"Our Mom isn't long gone and we were treasuring everything we have belonging to her, and now it's gone. Gone in this flood. So, we're devastated really."

Elizabeth O'Neill said the floods were a "huge shock"

She described what happened on Monday evening as a "huge shock" which came out of the blue.

"You'd never expect it around here because we're all on a hill. So obviously something went wrong yesterday, whatever happened, flash floods, massive rain, I don't know, we're affected by it and a lot of other homes around here are affected. I can imagine the devastation of everyone that was affected by this yesterday.

"Here on the ground floor, everything has to go," Elizabeth said. "It [the water] was to waist-high. It broke the glass in the back door, that forceful coming in, and broke everything. The water reached over the kitchen counter-tops, so everything is gone, everything electrical, fridge, washing machine, the basics, all those things are gone. TV, sofa, everything has to be replaced, the floors, everything is gone."

Some of the water damage at the O'Neill family home at Charleton Hill

The O'Neills' home was one of the worst-hit of over 30 damaged, while at least 38 businesses in the town centre were also hit by floodwater.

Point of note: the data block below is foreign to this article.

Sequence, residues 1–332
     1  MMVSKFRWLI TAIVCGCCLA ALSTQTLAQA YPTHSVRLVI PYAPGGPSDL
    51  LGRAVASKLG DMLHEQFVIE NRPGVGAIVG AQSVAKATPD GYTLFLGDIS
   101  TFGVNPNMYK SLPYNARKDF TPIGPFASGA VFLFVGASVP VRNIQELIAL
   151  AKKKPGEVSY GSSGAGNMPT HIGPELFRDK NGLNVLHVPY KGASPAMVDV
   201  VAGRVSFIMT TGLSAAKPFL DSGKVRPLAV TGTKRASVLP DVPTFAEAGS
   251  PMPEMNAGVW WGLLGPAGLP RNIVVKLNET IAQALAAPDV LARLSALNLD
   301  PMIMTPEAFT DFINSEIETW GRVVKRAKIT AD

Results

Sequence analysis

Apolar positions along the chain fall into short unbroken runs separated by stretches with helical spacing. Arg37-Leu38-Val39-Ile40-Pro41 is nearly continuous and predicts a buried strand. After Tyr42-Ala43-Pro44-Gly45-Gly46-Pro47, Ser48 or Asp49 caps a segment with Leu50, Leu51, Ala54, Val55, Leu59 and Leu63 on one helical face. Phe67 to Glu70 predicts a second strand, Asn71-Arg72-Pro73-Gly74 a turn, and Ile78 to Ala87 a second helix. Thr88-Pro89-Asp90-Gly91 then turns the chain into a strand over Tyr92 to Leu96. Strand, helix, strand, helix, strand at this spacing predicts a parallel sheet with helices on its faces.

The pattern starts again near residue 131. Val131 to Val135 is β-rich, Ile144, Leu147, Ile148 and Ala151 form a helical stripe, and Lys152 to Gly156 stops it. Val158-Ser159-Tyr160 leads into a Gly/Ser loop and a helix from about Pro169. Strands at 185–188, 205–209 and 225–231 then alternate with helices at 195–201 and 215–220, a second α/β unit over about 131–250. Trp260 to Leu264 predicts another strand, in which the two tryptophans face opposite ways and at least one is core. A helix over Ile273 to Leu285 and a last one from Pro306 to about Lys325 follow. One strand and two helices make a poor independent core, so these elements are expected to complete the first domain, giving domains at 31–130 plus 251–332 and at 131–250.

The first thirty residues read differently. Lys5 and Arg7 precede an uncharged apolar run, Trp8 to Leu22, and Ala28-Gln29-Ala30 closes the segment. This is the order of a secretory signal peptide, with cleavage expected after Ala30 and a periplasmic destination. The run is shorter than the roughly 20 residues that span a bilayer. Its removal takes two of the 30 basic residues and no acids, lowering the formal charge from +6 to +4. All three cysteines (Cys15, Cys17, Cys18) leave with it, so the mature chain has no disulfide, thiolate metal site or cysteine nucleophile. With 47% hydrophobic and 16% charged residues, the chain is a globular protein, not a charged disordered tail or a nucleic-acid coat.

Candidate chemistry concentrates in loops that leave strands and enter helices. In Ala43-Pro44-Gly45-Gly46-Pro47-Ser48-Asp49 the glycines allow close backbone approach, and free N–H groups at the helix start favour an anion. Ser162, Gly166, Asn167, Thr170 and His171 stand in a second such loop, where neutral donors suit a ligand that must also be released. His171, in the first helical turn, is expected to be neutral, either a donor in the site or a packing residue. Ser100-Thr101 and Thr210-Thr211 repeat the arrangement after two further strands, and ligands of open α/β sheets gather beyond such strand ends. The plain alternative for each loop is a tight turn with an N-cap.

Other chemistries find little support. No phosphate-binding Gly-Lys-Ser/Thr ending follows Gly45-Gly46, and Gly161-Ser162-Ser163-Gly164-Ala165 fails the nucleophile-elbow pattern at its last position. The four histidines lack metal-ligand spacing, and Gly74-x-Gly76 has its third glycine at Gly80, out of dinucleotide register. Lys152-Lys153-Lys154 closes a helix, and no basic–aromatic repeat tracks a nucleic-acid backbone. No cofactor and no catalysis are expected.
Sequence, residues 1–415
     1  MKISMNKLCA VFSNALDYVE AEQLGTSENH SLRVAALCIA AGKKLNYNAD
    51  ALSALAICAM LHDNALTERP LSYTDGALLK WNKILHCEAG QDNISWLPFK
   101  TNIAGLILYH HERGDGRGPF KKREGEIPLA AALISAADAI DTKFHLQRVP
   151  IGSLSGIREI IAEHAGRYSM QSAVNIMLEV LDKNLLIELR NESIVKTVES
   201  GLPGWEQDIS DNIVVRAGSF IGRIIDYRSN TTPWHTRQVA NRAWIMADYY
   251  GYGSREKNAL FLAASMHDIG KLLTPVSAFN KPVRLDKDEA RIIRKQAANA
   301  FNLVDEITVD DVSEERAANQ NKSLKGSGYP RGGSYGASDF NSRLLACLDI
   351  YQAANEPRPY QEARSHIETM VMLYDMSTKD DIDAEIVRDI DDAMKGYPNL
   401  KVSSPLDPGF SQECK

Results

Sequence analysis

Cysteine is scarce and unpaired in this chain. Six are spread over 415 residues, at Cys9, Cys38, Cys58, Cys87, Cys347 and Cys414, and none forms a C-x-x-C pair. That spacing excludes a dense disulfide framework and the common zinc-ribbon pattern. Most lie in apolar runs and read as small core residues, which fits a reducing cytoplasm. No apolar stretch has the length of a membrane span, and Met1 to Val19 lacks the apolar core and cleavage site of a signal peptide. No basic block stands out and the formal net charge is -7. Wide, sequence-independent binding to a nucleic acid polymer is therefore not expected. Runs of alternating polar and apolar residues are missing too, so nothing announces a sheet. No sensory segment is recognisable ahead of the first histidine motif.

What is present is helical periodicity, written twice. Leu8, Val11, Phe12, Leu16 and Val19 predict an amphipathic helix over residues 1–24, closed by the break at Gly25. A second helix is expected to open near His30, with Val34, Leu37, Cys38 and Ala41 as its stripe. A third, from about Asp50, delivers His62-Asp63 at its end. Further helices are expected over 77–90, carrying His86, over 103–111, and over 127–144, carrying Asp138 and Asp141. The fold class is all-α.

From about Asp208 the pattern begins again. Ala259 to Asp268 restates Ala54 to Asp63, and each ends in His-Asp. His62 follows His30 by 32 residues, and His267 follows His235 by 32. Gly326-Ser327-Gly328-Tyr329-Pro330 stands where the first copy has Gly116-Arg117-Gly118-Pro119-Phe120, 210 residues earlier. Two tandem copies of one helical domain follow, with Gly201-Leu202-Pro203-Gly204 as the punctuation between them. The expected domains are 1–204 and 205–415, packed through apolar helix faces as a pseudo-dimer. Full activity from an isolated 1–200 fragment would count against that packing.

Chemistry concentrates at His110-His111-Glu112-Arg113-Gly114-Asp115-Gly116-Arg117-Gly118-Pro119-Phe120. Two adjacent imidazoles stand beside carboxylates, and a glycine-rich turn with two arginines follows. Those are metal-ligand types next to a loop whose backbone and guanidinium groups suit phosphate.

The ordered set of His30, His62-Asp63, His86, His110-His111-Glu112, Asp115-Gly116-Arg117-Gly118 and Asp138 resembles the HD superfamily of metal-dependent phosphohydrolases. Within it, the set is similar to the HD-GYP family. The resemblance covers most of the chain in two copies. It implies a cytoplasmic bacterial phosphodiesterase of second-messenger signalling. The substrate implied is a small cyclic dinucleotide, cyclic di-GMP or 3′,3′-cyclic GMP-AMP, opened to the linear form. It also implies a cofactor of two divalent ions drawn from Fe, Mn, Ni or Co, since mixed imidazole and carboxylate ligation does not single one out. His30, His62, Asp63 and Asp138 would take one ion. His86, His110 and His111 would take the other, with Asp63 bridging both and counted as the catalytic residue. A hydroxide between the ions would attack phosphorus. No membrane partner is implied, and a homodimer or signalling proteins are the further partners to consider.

Among the worst streets affected were South Street, Mary Street, North Street and Quay Street, where The Cracked Teapot has been trading for over six years, coming through Covid and other issues, but never experienced anything like what happened last night.

Tina Gaffney Saridakis of The Cracked Teapot

"It got very dark and it started to rain and within seconds the whole place was flooded," owner Tina Gaffney Saridakis said today.

"The street was a river, water started coming in. We blocked the door and then it started coming in the back. The back door comes into our kitchen so we lifted everything, water came in so fast and so quick, it was just a river... We had to sit tight, we couldn't leave, we had customers in and they had to stay as well. We had to stay until it subsided."

They are still assessing the damage but it will include ripped and buckled wood, dirt, damp, with the result that they'll be closed for some days while everything is sorted and repaired.